France on Sunday called on Israel to show restraint on the Gaza border, after 15 Palestinians were reported killed during violent protests along the security fence.
“France reminds the Israeli authorities of their duty to protect civilians and urges them to show the greatest restraint,” a Foreign Ministry spokeswoman said in a statement, according to Reuters.
“France also highlights the Palestinians’ right to peacefully demonstrate,” she added.
The IDF has identified 10 of the 15 people reported killed as members of Palestinian terrorist groups, and published a list of their names and positions in the organizations.
The United States on Saturday blocked a draft UN Security Council statement urging restraint and calling for an investigation of clashes on the Gaza-Israel border, diplomats said.
Kuwait, which represents Arab countries on the council, presented the proposed statement, which called for an “independent and transparent investigation” of the violence.
The draft council statement also expressed “grave concern at the situation at the border.” And it reaffirmed “the right to peaceful protest” and expressed the council’s “sorrow at the loss of innocent Palestinian lives.”
The draft statement was circulated to the council on Friday, but on Saturday the United States raised objections and said it did not support its adoption, a Security Council diplomat told AFP.
The US mission to the United Nations did not immediately respond to a request for comment.
The proposed statement also called “for respect for international human rights law and international humanitarian law, including protection of civilians,” according to the draft seen by AFP.
Council members “called upon all sides to exercise restraint and prevent a further escalation,” the draft said. The proposed statement stressed the need to promote peace between Israel and the Palestinians based on a two-state solution.
The Palestinian Authority on Saturday blamed the US and Britain for obstructing the Palestinian and Arab effort to persuade the Security Council to issue a resolution blasting Israel for the 15 Palestinian fatalities.
On Saturday, UN Secretary-General Antonio Guterres called for “those concerned to refrain from any act that could lead to further casualties.” He also called for an independent and transparent investigation into the deaths and injuries during Friday’s clashes.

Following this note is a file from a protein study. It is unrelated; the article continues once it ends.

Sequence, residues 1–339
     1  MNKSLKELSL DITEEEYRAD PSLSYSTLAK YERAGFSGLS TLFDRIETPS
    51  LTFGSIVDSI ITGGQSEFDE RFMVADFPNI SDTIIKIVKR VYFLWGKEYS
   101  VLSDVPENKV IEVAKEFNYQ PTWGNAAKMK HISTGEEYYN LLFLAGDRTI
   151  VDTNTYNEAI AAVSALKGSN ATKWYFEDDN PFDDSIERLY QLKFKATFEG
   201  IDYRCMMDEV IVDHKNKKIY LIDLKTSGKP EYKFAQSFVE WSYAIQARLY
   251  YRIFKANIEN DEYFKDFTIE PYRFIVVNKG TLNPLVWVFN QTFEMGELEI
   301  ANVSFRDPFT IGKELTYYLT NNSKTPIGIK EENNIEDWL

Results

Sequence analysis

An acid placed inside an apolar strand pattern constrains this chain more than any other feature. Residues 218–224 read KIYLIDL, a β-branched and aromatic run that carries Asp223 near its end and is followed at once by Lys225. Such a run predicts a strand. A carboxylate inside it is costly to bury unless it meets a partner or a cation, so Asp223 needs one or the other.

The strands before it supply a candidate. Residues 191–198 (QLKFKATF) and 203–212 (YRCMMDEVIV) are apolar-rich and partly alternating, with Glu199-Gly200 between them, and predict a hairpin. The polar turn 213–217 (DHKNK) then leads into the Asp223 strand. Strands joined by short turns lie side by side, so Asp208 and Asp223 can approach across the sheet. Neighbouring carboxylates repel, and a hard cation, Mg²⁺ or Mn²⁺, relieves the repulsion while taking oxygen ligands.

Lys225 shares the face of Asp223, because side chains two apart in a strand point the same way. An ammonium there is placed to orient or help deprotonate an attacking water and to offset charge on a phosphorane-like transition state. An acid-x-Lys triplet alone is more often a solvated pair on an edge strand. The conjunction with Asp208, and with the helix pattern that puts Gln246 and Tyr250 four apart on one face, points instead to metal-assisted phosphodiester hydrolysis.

On Friday, some 30,000 Palestinians took part in demonstrations along the Gaza border, during which rioters threw rocks and firebombs at Israeli troops on the other side of the fence, burned tires and scrap wood, sought to breach and damage the security fence, and in one case opened fire at Israeli soldiers.
The army said that its sharpshooters targeted only those taking explicit violent action against Israeli troops or trying to break through or damage the security fence. Video footage showed that in one case a rioter, whom the army included in its list of Hamas members, appeared to be shot while running away from the border. The army in response accused Hamas of editing and/or fabricating its videos.
The IDF spokesman Ronen Manelis said Friday the IDF faced “a violent, terrorist demonstration at six points” along the fence. He said the IDF used “pinpoint fire” wherever there were attempts to breach or damage the security fence. “All the fatalities were aged 18-30, several of the fatalities were known to us, and at least two of them were members of Hamas commando forces,” he said in a late afternoon statement.
The Palestinians’ march to Gaza’s border with Israel on Friday was the largest such demonstration in recent memory, calling for Palestinians to be allowed to return to land that their ancestors fled from in the 1948 War of Independence. It was dubbed the “March of Return.”
The army has remained on high alert even as the violence appeared to abate Friday evening, amid fears of persisting attacks, including infiltration attempts and rocket fire.
Protest organizers have said mass marches would continue until May 15, the 70th anniversary of the establishment of the State of Israel. Palestinians mark that date as their “nakba,” or catastrophe, when hundreds of thousands left or were forced to leave during the 1948 War of Independence. The vast majority of Gaza’s two million people are their descendants.
At previous peace talks, the Palestinians have always demanded, along with sovereignty in the West Bank, Gaza, East Jerusalem, and the Old City, a “right of return” to Israel for Palestinian refugees who left or were forced out of Israel when it was established. The Palestinians demand this right not only for those of the hundreds of thousands of refugees who are still alive — a figure estimated in the low tens of thousands — but also for their descendants, who number in the millions.
No Israeli government would ever be likely to accept this demand, since it would spell the end of Israel as a Jewish-majority state. Israel’s position is that Palestinian refugees and their descendants would become citizens of a Palestinian state at the culmination of the peace process, just as Jews who fled or were forced out of Middle Eastern countries by hostile governments became citizens of Israel.
Judah Ari Gross contributed to this report.